Here's John on Barack and black nerds. I obviously disagree. But it's fun to read about the fate of black nerds in TNR. I think some honesty is due in this debate--I've never fit squarely in the black nerd box, which may skew my perspective. It's true, I loved D&D, the Commodore 64, comics and Star Trek TNG. I also loved Galaxy Rangers, G.I. Joe and Jayce and the Wheeled Warriors. But so did most kids I knew. D&D and my interest in fantasy was the one thing that really marked me as different. None of my friends told me I was acting white for playing D&D, they just thought it was weird. But they thought it was equally weird that my parents didn't have a couch, that my house was basically covered in books, that my Dad ran a business out of his basement.
I never had the whole goth/mohawk/black trench coat thing working. I didn't really hear Led Zeppelin until I was well into my 20s. I loved football and basketball, was about as hobbled as most boys I knew when it came to girls, and a mediocre MC. Perhaps most importantly, I was terrible at school--I mean really bad. I almost failed the eleventh grade, and I dropped out of college as soon as I saw a viable out. Does all this mean I'm not really a black nerd? Or is it just that the rules are different if you're a black nerd in a black community.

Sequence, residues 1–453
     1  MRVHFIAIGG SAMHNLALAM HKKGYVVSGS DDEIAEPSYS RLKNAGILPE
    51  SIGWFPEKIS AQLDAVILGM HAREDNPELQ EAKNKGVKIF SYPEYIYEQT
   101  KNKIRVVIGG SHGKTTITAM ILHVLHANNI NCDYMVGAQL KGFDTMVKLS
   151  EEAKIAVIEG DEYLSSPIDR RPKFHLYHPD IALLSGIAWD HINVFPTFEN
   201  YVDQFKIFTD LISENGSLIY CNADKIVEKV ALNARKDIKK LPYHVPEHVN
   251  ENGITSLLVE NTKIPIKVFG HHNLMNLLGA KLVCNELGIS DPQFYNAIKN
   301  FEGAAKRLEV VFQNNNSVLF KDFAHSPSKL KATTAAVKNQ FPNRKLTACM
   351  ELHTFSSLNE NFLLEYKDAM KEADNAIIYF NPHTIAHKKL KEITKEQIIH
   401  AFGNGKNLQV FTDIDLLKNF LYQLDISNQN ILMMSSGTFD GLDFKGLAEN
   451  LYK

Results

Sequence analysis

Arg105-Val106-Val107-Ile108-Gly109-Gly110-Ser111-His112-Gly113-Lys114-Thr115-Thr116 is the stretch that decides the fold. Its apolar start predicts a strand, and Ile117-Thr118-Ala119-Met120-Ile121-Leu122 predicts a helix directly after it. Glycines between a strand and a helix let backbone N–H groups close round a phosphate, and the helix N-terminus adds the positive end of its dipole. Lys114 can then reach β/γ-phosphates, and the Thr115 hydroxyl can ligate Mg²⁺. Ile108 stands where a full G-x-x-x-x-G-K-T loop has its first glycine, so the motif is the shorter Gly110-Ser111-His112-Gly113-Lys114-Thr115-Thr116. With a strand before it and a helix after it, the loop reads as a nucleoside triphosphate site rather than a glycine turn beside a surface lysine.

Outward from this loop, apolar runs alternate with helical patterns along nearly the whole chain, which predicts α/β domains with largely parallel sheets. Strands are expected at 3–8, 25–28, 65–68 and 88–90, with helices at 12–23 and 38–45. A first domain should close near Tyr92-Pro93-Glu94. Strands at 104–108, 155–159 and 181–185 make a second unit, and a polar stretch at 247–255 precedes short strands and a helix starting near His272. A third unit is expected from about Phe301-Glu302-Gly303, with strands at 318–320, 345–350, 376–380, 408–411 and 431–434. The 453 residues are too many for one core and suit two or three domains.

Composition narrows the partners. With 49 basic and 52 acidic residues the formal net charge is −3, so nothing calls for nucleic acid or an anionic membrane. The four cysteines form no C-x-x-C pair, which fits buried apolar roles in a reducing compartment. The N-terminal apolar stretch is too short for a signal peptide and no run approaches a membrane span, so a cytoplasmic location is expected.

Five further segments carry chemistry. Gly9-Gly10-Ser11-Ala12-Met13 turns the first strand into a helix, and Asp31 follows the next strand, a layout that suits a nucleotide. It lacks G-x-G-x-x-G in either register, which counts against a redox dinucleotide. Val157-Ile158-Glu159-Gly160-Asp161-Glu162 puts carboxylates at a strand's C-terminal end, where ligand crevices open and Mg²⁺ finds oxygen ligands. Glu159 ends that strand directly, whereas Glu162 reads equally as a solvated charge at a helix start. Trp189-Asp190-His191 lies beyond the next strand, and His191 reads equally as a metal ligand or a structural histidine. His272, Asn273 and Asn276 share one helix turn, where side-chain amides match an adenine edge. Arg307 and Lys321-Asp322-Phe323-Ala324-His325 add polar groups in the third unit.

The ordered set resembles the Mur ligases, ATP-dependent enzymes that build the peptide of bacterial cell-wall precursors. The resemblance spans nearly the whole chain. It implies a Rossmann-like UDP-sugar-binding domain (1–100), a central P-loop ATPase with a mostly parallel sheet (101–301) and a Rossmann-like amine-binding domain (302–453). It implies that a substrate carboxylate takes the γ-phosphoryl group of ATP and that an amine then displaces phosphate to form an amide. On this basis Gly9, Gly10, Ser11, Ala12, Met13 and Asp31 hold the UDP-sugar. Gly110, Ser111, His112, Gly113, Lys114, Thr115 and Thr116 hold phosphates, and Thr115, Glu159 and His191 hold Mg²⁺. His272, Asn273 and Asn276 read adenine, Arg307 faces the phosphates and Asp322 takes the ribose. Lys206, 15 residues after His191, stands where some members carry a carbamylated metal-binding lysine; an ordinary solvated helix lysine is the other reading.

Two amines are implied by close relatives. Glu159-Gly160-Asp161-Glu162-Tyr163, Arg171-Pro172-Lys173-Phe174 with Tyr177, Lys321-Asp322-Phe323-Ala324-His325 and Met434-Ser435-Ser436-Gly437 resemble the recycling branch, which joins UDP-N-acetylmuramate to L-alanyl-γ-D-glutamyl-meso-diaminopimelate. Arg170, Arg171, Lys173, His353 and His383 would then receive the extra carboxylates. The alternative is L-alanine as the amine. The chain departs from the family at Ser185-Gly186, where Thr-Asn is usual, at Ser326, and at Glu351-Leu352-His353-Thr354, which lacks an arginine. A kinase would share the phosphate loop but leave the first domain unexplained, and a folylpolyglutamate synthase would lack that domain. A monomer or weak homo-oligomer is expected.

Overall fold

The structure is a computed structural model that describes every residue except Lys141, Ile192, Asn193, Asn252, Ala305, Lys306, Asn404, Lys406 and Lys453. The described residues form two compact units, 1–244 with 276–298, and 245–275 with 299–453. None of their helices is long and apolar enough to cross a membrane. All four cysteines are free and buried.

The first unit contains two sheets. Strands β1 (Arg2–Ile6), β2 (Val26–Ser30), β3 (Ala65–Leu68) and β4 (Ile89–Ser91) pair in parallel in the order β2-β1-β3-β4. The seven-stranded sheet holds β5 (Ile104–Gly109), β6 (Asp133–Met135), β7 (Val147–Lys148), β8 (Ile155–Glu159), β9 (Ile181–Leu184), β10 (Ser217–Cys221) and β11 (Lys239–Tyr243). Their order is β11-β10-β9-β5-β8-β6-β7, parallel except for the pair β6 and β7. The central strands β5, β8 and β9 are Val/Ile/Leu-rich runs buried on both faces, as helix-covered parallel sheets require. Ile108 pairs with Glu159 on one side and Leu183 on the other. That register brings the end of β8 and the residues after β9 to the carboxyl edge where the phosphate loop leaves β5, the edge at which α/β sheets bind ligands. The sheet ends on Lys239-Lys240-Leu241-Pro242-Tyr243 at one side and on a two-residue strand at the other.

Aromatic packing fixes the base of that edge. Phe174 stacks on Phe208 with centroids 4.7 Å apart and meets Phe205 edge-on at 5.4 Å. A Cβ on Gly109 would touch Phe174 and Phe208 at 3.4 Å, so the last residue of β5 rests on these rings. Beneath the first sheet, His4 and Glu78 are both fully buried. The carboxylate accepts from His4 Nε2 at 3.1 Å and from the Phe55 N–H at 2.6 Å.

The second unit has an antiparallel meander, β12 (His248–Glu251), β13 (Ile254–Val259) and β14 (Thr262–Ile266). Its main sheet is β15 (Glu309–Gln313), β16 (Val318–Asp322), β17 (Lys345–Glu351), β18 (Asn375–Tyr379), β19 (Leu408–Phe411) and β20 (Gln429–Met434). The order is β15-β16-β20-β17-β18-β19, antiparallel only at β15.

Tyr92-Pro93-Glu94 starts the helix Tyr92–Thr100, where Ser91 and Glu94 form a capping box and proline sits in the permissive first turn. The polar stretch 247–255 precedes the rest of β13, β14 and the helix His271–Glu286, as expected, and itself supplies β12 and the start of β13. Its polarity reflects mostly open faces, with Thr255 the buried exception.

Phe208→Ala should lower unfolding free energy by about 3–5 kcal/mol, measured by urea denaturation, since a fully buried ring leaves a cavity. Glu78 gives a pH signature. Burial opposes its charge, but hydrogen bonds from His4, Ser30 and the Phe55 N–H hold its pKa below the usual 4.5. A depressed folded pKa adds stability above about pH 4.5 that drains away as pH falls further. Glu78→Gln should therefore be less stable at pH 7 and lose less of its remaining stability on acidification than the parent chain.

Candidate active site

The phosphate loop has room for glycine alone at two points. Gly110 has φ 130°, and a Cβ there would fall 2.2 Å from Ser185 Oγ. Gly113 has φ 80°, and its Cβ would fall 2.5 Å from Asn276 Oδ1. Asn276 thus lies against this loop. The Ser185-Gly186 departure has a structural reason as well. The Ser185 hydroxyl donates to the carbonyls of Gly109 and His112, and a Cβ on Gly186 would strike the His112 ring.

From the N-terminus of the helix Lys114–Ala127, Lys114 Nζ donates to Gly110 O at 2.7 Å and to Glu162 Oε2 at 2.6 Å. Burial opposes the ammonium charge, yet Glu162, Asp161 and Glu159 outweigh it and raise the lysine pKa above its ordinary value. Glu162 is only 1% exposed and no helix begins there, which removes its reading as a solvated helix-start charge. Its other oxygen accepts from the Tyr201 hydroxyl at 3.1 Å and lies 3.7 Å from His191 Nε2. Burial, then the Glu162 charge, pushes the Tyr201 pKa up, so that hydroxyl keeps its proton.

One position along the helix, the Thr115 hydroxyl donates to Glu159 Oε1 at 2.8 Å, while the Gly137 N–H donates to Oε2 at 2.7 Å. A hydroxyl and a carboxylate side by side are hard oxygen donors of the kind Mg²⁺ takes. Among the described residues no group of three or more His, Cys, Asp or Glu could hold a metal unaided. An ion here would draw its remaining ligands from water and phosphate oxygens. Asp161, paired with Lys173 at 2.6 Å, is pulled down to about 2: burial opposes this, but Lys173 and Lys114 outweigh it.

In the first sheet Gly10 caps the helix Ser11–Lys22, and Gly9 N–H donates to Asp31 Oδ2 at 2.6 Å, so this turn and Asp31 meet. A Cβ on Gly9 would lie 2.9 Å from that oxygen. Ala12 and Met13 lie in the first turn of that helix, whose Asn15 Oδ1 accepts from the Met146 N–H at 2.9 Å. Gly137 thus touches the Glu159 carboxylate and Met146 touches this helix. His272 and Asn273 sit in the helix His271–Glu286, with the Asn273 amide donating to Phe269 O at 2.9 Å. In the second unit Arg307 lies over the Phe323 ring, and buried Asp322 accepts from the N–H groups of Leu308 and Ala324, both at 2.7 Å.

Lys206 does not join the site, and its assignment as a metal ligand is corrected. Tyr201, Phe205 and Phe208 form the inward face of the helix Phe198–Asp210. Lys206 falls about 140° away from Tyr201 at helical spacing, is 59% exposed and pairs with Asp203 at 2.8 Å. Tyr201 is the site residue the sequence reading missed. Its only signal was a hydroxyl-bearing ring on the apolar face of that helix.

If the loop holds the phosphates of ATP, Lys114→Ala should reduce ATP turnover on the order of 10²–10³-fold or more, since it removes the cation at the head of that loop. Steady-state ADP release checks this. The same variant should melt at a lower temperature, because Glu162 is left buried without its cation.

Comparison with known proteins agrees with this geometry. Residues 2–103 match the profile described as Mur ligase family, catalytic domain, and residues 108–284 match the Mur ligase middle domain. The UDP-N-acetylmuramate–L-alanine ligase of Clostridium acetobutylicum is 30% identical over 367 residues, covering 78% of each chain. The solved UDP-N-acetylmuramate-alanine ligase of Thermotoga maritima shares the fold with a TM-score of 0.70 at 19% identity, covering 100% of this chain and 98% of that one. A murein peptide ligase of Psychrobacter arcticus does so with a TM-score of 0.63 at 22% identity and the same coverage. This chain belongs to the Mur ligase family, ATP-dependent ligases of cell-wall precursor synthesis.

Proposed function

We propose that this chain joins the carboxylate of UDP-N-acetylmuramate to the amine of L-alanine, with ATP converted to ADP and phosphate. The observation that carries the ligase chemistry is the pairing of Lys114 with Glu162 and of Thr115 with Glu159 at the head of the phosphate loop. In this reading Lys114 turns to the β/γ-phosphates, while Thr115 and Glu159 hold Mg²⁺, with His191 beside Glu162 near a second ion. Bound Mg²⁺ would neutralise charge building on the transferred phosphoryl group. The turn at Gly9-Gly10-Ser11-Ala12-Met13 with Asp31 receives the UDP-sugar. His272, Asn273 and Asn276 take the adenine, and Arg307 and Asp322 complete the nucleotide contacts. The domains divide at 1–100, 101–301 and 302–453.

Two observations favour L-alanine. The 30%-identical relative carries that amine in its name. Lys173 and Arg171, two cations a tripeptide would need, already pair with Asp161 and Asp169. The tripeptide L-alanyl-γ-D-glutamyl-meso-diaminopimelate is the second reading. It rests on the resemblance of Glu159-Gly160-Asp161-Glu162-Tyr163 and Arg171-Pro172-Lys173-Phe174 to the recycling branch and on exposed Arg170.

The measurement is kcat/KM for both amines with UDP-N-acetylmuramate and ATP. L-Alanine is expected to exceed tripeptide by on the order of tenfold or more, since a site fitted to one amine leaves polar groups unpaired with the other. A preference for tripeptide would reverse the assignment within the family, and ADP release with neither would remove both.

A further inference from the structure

I think different cultures have their rules and mores. I'd say the mores of the black community didn't all come natural to me--I was terrible at basketball, but I had to play because it was the official neighborhood sport. I was an awful dancer, but at a black party there is one person who will be ridiculed more than the guy who can't dance--the guy who doesn't dance at all. That last point is key. The thing I came to love about my community was that they didn't expect you to be a master, but they expected you to try, to fight--sometimes literally. If you saw ten dudes banking your homeboy, you had to help--not because you were Bruce Lee, but because that was your man, and you were expected to take the fall with him. Winning wasn't the point.
This is a rambling, rambling post. The point I'm making is about labels and how they're applied. I say that I was never a natural for the community mores, but I bet that's true--in varying ways--for half of all of us. Kenyatta dances like she comes from West Baltimore (or the West side of Chicago) but she can talk like anyone from the Oak Park of her youth. Me, I sound like where I'm from. I stopped bopping after my 30th--it didn't seem dignified. But I really don't have much else on the essentialism scale. And yet, for whatever reason, I've always been at home in Harlem, or--as Jay would say--on any Martin Luther.